Robert Pether’s lawyer alleges he is being held as leverage in a dispute with Central Bank of Iraq in ordeal his son says is hitting the family hard
The teenage son of an Australian man imprisoned without charge in Iraq has labelled his father’s treatment as “downright inhumane” and “criminal”, saying the prolonged ordeal is hitting his family hard.
Flynn Pether, 17, is likely to mark his 18th birthday in two weeks still despairing about his father, Robert Pether, who has now spent 41 days behind bars in Baghdad.
Robert, an engineer working on construction of the new Central Bank of Iraq headquarters, was lured back to Iraq in early April, purportedly to resolve a business dispute that had stalled the project.
When he turned up for a meeting with bank executives on 7 April, he and a colleague were arrested and held without charge.
He was denied bail last week and his lawyer has alleged he is being held to give the bank leverage in its ongoing dispute with Pether’s employer, a Dubai-based consulting firm.
Speaking to the Guardian about his father’s treatment for the first time, Flynn said it had hit the family hard.
“I feel like it’s criminal what they did,” he said. “It’s downright inhumane the way they’ve been treating him, given he has worked tirelessly around the clock to deliver the project.”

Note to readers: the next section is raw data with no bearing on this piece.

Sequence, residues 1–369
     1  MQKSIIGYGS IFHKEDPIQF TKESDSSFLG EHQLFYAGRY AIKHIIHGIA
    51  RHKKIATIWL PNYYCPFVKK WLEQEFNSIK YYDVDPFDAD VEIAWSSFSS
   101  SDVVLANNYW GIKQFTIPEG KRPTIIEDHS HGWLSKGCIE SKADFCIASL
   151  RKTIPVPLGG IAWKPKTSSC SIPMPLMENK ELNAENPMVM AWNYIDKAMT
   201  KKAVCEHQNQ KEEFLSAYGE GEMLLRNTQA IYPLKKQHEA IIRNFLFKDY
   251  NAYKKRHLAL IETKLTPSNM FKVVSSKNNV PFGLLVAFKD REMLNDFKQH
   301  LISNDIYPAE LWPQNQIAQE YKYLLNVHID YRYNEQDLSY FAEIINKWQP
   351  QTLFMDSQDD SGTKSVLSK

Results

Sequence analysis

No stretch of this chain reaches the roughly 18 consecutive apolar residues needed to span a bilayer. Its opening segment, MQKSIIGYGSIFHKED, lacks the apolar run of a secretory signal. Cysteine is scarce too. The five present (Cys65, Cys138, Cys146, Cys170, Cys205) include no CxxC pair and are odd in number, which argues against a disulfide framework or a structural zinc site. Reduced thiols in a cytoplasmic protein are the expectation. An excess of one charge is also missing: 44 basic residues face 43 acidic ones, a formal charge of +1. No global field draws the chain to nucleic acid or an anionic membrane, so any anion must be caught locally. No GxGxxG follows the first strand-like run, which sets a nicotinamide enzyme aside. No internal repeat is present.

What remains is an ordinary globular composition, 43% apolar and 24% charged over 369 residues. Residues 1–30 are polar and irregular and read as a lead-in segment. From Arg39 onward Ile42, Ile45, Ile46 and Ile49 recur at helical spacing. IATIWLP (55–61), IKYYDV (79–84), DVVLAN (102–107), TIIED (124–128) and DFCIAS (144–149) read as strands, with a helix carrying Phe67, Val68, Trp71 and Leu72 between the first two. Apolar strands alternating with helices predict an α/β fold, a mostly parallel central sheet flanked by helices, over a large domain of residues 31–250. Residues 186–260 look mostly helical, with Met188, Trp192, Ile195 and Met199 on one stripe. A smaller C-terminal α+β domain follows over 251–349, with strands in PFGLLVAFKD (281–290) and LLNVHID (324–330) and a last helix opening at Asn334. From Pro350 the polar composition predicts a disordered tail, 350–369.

Flynn is currently preparing for his university entrance exams in Ireland, something that brings its own enormous stress. Usually, his father would be there to support him. They were close and spoke daily, often about university and Flynn’s future.
But he has managed to speak to his father behind bars just once during the ordeal, for about 30 seconds.
“As soon as he knew that I was on the line, he was just apologising, saying ‘Sorry I can’t make it to graduation, sorry I can’t get to your birthday, I will make it up to you, I promise,’” he said.
“I said to him, ‘It’s not going anywhere without you, and it’s all being recorded anyway. You’re not missing out.’”
Robert’s wife Desree has previously told the Guardian that, prior to travelling to Baghdad for the meeting, her husband sought advice from the Australian embassy. She says he was advised there would be little risk in going to the meeting.
“It was already tough on Mum, him being away all the time, but when it happened it struck her very hard,” Flynn said. “Because Dad was supposed to be coming home after that meeting anyway, so to hear what had happened and having no clue as to what was going to happen next, it was really hard on my Mum.”
The Guardian has approached the Central Bank of Iraq for a response. It has not responded.
Australia’s Department of Foreign Affairs and Trade is also limited in what it can say about the case. It says it is providing consular assistance and said its standard travel advice about Iraq warned of the risk of violence, kidnapping, armed conflict and the volatile security situation.
Asked what message he wanted to send to Iraqi authorities, Flynn said: “I would just ask them why they are doing it and what they seek to gain out of it? Especially because he’s answered the questions, so what’s the point?”
Robert has a second son Oscar, 15, and daughter Nala, 8.
Oscar and Flynn are both Irish citizens.
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